The Canadian dollar was little changed against its U.S. counterpart on Wednesday, holding near its weakest level since July, as the recent sell-off in oil lost some momentum and the greenback declined broadly.
The price of oil, one of Canada’s major exports, rose on hopes for output cuts after a steep drop a day earlier, while a gauge of global stock markets fell for a fifth straight session as declines in tech and financial shares pressured Wall Street.
U.S. crude oil futures settled 1 per cent higher at $56.25 a barrel.
“Oil has stabilized, but there are other fears out there,” said Eric Theoret, a currency strategist at Scotiabank. “It’s really not an environment where you expect the Canadian dollar to do well.”
In addition to being a commodities exporter, Canada runs a current account deficit, so its economy could be hurt if the global flow of trade or capital slows.
The overall perceived risk to the Canadian financial system has increased slightly over the last six months, in part due to unease over the global economic outlook, the Bank of Canada said.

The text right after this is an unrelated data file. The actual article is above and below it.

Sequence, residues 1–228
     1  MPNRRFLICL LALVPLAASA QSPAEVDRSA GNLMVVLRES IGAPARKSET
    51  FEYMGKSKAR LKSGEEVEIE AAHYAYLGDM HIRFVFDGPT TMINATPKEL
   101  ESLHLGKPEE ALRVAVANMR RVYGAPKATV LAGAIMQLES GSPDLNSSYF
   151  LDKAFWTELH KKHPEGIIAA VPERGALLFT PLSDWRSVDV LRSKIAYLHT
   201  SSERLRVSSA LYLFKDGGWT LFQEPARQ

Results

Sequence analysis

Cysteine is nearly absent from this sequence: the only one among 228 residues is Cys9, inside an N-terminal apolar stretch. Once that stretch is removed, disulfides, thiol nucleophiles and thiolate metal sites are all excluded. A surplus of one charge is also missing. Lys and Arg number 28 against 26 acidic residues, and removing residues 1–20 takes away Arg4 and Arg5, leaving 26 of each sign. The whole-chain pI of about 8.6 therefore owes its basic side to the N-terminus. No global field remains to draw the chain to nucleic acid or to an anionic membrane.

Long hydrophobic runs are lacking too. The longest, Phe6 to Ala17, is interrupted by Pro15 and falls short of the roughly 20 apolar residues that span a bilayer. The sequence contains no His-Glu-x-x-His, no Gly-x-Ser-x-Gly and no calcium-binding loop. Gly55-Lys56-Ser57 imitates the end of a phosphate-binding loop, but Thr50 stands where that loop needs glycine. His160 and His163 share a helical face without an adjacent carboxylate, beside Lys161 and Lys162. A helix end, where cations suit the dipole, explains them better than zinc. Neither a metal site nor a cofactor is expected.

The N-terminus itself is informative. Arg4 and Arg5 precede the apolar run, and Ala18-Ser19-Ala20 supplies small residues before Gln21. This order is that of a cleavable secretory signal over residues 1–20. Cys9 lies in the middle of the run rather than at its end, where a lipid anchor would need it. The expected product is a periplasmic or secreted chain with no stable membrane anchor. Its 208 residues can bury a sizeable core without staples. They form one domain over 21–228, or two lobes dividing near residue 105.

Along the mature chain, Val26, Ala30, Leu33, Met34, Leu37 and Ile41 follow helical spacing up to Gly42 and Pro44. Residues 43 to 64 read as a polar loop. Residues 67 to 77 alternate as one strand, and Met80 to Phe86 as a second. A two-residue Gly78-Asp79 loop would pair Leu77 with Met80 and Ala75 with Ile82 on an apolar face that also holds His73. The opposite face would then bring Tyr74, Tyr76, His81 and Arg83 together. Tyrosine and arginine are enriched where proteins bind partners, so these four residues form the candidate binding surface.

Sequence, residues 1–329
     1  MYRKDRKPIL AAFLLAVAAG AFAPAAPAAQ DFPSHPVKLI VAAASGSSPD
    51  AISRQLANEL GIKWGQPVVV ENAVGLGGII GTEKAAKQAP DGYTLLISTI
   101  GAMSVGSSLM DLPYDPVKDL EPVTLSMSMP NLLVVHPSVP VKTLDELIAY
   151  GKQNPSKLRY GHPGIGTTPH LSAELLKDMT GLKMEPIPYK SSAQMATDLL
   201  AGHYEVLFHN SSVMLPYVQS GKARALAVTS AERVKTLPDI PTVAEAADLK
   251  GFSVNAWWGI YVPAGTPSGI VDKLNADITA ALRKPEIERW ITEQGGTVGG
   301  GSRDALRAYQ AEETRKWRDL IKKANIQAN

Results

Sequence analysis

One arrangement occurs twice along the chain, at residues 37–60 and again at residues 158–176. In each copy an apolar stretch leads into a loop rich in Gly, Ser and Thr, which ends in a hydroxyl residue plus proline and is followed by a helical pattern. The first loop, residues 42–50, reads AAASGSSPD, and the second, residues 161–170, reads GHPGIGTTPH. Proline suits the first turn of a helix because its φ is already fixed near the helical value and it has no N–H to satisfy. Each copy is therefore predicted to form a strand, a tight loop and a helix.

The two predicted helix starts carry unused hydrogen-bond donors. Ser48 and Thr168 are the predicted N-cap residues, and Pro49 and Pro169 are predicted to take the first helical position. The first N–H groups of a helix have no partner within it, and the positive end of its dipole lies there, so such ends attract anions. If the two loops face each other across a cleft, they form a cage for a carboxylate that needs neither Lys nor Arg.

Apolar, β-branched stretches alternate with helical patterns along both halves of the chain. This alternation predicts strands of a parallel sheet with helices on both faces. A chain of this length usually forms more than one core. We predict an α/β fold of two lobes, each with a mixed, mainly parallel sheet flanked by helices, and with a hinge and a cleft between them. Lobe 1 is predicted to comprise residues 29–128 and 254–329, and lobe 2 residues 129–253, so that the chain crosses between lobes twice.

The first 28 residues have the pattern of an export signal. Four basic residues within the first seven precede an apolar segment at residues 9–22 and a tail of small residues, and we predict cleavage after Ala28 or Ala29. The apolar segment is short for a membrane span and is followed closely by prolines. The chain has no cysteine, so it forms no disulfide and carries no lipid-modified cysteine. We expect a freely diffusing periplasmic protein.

At 4:02 p.m. EST (2102 GMT), the Canadian dollar was trading nearly unchanged at 1.3234 to the greenback, or 75.56 U.S. cents. The currency earlier matched Tuesday’s low of 1.3264, which was its weakest in nearly four months.
The U.S. dollar declined against a basket of currencies as British Prime Minister Theresa May obtained backing from her cabinet on her Brexit deal, boosting the euro and sterling.
Data showing U.S. consumer prices grew in line with analysts forecasts in October also weighed on the greenback. It reinforced the view domestic inflation is increasing at a moderate pace.
Canadian government bond prices were higher across the yield curve in sympathy with U.S. Treasuries. The two-year rose 6.5 Canadian cents to yield 2.27 per cent and the 10-year climbed 24 Canadian cents to yield 2.428 per cent.